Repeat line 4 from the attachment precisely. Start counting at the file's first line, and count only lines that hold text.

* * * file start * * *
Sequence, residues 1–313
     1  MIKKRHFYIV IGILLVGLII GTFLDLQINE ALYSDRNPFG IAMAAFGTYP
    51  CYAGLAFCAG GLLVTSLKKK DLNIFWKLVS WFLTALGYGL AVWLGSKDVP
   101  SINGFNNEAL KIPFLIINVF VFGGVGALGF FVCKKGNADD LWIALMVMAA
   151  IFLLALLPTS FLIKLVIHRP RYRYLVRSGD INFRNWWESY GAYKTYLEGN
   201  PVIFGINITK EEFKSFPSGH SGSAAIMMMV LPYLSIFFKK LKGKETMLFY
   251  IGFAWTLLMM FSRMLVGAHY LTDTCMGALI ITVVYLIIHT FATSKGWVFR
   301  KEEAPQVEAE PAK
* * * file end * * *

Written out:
   101  SINGFNNEAL KIPFLIINVF VFGGVGALGF FVCKKGNADD LWIALMVMAA